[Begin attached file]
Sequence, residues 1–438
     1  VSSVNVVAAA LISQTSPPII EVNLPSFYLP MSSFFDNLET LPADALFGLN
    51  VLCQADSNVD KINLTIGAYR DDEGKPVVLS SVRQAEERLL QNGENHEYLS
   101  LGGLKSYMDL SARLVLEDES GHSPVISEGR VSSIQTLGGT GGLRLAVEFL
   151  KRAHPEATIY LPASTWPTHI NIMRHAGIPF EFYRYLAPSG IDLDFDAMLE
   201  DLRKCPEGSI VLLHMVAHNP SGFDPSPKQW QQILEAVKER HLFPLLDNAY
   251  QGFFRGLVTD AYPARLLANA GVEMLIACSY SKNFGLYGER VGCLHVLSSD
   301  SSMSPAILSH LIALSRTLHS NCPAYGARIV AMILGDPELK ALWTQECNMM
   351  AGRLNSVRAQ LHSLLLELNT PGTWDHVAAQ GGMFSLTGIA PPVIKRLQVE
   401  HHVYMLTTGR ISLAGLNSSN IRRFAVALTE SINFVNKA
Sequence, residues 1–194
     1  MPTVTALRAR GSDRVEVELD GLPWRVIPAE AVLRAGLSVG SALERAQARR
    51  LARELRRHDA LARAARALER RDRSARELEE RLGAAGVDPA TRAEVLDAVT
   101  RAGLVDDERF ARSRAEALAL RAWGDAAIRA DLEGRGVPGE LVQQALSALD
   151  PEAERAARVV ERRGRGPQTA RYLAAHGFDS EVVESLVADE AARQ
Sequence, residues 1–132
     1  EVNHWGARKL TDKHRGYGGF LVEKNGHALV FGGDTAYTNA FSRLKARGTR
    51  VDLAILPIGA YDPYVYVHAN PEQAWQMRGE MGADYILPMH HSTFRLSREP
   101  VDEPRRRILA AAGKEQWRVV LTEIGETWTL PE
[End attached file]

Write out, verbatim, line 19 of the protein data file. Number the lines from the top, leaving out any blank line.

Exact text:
   101  VDEPRRRILA AAGKEQWRVV LTEIGETWTL PE